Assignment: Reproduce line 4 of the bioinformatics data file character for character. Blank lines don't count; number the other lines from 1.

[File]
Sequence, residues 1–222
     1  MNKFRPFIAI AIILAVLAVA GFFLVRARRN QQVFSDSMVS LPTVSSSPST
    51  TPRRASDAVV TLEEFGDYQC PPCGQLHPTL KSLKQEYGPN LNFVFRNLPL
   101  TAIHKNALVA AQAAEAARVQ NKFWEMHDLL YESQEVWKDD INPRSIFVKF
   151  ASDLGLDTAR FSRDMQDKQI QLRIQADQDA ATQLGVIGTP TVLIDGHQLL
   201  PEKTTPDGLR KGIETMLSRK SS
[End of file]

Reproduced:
   101  TAIHKNALVA AQAAEAARVQ NKFWEMHDLL YESQEVWKDD INPRSIFVKF